From the reviews: "Jenkins is an American amateur observer and he has written a very interesting book full of information for the solar enthusiast. … The author describes how a solar hydrogen-alpha filter works – very interesting to the beginner, and the old-time observer … . it is very well illustrated, with many of the images supplied by the author himself. … I recommend this book. … will be a good guide to observing our nearest star." (Brian Halls, Astronomy Now, August, 2009) "The author is quite obviously an experienced solar observer and imager, contributing to the AAVSO Sunspot Programme since I990. … This book is primarily a practical guide to observing and imaging solar features in white light … and the K-line. There is a detailed discussion of the types of telescope suitable for solar observing as well as lenses and filters. … I found this book enjoyable and easy to read, providing a comprehensive practical guide to solar observing in one volume." (Lyn Smith, The Observatory, Vol. 129 (1212), October, 2009)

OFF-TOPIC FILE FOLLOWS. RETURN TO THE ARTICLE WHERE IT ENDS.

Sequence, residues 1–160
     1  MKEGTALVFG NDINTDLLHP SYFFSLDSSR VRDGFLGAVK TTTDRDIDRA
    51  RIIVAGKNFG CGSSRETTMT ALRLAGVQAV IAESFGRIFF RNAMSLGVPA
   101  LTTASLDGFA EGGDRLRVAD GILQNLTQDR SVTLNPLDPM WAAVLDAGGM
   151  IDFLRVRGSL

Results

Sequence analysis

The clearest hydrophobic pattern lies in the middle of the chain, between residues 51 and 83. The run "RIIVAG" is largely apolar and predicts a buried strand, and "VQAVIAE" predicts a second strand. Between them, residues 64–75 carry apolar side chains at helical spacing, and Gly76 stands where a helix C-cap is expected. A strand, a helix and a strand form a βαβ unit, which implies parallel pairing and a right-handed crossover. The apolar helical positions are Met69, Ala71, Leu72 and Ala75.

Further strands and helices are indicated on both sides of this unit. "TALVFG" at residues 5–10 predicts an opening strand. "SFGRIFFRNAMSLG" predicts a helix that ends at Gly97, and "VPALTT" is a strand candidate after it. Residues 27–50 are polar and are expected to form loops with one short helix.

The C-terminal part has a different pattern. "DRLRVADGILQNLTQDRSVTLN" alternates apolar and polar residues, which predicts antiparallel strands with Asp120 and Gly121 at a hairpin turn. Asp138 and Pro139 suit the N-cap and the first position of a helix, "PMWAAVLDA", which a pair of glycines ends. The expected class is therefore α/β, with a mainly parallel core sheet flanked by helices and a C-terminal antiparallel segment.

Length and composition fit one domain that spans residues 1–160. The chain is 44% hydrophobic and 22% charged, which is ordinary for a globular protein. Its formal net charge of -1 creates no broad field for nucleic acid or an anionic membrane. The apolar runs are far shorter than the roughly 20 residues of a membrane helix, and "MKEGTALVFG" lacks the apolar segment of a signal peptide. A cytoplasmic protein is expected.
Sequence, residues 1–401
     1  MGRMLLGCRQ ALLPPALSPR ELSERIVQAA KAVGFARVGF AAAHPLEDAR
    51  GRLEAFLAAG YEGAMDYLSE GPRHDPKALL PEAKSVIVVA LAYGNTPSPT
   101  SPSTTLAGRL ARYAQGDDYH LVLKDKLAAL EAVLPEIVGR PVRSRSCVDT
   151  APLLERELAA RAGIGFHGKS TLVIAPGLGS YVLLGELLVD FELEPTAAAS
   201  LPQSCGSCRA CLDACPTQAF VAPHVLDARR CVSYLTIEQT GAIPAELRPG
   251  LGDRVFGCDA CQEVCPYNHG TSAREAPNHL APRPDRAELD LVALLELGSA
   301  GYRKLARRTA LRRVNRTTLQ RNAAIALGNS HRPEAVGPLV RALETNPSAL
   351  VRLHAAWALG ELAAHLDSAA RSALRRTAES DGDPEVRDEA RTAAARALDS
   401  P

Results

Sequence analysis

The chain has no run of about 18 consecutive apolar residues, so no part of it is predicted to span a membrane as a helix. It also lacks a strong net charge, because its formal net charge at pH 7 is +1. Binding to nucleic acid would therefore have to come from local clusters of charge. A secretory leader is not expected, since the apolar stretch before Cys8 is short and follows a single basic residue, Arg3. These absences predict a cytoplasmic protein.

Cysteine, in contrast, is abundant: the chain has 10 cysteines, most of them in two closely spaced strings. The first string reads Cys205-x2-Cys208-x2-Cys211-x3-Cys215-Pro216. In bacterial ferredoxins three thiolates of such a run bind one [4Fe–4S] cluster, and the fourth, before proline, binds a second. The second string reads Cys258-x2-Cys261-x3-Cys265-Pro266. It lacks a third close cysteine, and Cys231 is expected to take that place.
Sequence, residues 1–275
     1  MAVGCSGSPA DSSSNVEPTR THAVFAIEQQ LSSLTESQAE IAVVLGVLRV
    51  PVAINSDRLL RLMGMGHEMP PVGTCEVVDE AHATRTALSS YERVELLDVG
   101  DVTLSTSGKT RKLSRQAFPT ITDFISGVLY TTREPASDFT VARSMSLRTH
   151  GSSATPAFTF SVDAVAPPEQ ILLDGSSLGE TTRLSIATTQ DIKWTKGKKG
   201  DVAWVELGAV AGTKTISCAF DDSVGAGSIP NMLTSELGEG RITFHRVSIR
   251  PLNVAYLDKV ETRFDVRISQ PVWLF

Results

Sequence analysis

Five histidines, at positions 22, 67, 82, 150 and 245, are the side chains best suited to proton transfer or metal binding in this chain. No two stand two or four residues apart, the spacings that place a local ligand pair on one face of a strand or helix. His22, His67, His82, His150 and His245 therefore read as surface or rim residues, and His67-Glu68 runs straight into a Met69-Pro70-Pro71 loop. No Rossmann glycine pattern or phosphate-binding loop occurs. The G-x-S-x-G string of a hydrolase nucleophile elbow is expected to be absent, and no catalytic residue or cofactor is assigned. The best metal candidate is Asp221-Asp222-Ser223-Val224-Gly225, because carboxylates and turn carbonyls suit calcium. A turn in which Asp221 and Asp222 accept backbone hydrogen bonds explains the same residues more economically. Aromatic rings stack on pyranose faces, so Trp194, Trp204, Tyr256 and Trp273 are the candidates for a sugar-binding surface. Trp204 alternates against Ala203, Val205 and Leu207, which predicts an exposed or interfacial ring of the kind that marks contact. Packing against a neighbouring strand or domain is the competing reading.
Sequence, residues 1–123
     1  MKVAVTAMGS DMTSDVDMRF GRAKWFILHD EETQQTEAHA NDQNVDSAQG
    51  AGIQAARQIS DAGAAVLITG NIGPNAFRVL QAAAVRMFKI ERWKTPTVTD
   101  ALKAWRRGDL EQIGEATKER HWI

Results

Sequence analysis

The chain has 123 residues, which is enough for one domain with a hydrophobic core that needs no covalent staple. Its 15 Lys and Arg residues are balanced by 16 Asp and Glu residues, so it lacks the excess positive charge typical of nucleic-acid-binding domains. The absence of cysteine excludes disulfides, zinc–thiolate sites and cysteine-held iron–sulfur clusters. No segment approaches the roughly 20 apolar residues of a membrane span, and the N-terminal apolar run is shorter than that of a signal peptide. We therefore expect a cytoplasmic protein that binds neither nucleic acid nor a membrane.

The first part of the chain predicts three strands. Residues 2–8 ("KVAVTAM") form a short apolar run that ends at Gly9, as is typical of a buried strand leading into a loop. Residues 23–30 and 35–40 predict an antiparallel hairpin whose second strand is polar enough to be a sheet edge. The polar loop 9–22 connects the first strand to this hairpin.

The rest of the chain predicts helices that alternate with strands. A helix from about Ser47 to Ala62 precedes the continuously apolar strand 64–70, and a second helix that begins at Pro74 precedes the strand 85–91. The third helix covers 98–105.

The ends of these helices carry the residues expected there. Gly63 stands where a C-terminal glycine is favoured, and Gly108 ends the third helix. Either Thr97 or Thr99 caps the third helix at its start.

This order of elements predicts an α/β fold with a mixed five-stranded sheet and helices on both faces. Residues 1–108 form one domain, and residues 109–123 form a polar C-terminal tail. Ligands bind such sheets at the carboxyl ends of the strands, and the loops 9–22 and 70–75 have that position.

From the Back Cover
Without the Sun, all life on Earth would perish. But what exactly do we know about this star that lights, heats, and powers Earth? Actually, we know quite a lot, thanks mainly to a host of eager solar observers. Looking directly at the Sun is EXTREMELY hazardous. But many astronomers, both professional and amateur, have found ways to view the Sun safely to learn about it. You, too, can view the Sun in all of its glorious detail. Some of the newest, most exciting telescopes on the market are affordable to amateur astronomers or even just curious sky watchers, and with this guide to what the Sun has to offer, including sunspots, prominences, and flares, plus reviews of the latest instruments for seeing and capturing images of the Sun, you can contribute to humankind’s knowledge of this immense ball of glowing gases that gives us all life. For a complete guide to Sun viewing, see also Total Solar Eclipses and How to Observe Them (2007) by Martin Mobberley in this same series.